Incumbent Inspired: This is the classic story of the incumbent doing something that inspires vehement angst. Be it a statement, a vote or an entire legislative agenda, whether it is a straw or an entire bale of hay, the camel is finally inspired to kick back. A few years ago, a Utah businessman named Pete Ashdown was so appalled at the idiocy of Senator Orrin Hatch’s legislative agenda and statements related to Intellectual Property and Technology, he penned a letter to Senator Hatch saying he would do anything in his power to see him defeated in 2006. After looking around and talking to various authorities in the Democratic Party, it became clear there was no one interested in running against the five term incumbent. He stepped up and ran, challenging Senator Hatch in what was then the most conservative state in the nation. These candidate more often follow very non-traditional paths, jumping from the private sector to a race for higher level office, such as Congress or the US Senate.
Opportunity: Candidates of opportunity may have had the desire to follow a more traditional pathway to office but due to life circumstances went a different direction. Years down the road, a golden opportunity manifests in the form of an open seat or a special election, an incumbent ravaged by scandal, or their own 15 minutes of celebrity due to luck or heroic actions. Sometimes it just spawns out of massive personal wealth and a political climate conducive to victory. These candidates have less traditional resumes and rarely run for lower tier offices, these guys and gals are going for Federal Office or Governor. Examples include Arnold Schwarzenegger entering the recall election for Governor of California, Jeff Greene for US Senate in Florida in 2010, Rick Scott and Meg Whitman for Governor (FL and CA respectively), and if you pick a random Congressional Special Election from the last 20 years, you will typically find at least one millionaire who decided to jump in and give it a go, the 2006 CA-50 adventure had 4 or 5 of them.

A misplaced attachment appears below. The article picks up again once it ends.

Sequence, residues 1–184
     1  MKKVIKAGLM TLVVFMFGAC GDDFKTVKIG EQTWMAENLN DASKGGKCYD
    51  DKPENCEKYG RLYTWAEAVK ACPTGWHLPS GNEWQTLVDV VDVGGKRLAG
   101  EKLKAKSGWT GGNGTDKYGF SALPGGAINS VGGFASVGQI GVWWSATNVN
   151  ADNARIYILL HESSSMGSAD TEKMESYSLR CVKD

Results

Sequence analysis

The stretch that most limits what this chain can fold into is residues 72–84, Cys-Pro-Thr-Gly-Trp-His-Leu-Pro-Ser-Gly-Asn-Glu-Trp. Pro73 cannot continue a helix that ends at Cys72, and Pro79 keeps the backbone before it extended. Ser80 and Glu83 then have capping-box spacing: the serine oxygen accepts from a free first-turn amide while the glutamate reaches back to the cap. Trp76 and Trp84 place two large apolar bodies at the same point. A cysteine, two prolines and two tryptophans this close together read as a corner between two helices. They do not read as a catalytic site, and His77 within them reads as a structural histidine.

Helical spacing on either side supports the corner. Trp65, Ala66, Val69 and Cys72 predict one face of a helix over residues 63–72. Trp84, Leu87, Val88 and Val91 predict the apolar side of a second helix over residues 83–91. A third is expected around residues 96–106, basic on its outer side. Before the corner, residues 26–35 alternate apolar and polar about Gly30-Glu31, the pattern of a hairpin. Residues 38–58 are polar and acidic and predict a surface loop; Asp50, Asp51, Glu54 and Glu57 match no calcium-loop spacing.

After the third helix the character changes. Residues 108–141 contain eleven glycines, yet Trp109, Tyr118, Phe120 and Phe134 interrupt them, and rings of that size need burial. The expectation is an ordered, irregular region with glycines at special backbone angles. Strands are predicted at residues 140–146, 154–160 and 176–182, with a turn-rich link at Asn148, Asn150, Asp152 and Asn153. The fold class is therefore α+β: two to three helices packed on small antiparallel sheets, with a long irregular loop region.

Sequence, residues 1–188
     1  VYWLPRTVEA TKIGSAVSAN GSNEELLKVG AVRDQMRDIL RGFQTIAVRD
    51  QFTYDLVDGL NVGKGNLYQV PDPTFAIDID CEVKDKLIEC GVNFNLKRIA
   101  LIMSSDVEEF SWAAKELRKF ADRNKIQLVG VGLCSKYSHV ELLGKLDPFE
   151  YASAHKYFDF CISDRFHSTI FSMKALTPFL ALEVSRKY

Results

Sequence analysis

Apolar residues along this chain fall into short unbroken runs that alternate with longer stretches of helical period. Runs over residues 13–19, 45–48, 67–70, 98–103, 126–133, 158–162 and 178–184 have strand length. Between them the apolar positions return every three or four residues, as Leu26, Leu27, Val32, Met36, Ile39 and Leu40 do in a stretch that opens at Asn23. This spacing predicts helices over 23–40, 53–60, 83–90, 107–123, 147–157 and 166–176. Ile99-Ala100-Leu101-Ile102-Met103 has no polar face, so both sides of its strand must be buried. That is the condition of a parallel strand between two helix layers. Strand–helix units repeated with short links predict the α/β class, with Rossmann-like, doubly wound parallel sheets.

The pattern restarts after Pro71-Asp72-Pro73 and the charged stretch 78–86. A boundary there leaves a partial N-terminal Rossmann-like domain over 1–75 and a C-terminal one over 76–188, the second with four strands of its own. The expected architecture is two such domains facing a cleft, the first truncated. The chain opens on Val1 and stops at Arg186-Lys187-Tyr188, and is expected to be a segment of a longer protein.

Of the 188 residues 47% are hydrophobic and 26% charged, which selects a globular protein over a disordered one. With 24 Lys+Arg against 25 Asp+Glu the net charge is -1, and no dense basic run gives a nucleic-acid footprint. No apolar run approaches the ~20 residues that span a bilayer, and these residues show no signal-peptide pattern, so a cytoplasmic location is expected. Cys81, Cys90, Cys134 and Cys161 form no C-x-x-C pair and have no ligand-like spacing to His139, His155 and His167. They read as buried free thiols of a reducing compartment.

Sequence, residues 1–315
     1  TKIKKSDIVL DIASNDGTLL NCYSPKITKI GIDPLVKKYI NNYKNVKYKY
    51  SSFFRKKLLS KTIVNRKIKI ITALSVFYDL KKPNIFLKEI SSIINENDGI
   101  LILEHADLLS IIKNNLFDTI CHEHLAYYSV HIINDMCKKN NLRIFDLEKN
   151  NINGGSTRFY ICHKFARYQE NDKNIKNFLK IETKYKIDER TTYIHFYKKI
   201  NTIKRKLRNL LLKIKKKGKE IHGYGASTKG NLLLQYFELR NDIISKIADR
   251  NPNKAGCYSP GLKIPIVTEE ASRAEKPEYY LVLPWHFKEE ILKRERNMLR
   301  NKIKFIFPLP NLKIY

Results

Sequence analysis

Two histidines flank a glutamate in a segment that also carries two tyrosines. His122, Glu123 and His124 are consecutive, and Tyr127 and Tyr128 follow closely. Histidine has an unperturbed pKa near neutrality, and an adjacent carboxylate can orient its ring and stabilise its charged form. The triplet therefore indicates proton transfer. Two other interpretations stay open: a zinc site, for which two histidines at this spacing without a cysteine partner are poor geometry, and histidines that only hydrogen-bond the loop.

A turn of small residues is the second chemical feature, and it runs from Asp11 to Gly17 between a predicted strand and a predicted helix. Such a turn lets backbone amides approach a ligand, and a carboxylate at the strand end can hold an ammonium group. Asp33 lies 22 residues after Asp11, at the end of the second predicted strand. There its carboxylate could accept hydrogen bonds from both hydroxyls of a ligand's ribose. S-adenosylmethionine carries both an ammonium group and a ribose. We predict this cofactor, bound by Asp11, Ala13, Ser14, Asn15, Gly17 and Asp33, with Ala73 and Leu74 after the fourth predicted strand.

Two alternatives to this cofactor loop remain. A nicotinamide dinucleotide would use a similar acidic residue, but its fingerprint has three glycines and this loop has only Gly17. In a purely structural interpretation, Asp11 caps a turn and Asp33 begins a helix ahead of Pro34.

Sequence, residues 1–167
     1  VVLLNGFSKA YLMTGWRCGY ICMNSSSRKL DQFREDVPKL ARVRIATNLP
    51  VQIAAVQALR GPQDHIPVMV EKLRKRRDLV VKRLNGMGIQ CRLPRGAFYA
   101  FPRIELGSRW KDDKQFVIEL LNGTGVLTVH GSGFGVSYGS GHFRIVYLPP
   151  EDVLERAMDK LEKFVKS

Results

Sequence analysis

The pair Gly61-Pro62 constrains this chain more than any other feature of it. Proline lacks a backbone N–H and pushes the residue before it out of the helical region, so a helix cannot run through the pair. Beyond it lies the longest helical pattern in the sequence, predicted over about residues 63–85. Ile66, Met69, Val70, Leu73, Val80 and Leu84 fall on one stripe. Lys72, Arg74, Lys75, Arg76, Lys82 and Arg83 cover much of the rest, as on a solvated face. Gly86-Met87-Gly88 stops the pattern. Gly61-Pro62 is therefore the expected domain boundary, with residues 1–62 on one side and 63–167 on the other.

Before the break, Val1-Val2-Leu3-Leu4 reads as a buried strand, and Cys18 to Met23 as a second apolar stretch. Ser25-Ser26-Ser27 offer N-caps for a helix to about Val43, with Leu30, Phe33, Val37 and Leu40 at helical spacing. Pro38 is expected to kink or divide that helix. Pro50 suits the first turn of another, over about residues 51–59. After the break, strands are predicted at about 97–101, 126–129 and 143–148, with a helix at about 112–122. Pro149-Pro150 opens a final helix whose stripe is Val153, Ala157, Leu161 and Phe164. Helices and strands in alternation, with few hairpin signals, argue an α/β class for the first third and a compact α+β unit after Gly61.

Major Event / Movement: Candidates inspired by a major event, local or national, that dramatically impacted the community. From civil rights issues to tragic events like 9/11, people’s lives can be dramatically impacted, causing them to give up their life direction and instead seek elected office. Opposition to a war, to discrimination, or to an incumbent President’s policies can trigger these candidates to come forward. President Obama’s meteoric rise in 2007/2008 inspired scores of people to run on the ballot under him in 2008, some inspired to join the cause, and some just hoping to ride the coat tails (that didn’t really manifest in most communities).
If you are thinking about running, or know of someone you think should run, which category best fits? If the candidate is from one of the non-traditional pathways, what can they do to offset the weaknesses most common to that pathway? One of the keys to a successful campaign is identifying your own strengths and weaknesses and find ways to accurate the strengths while mitigating and reducing the weaknesses. Of course, one common weakness among non-traditional candidates is not knowing how to campaign and not being willing to listen/learn.
Not all people inspired in the means described above actually step up and run, some are deterred by personal/family obligations, some by the daunting financial challenges, and some are never reached out to and encouraged to run. That is one piece each of us must take to heart, when you meet someone who should (consider a ) run for office, we must tell them so. Then direct them to a professional that can asses their capacity and advise them of the realities of running. MPA Political can do that.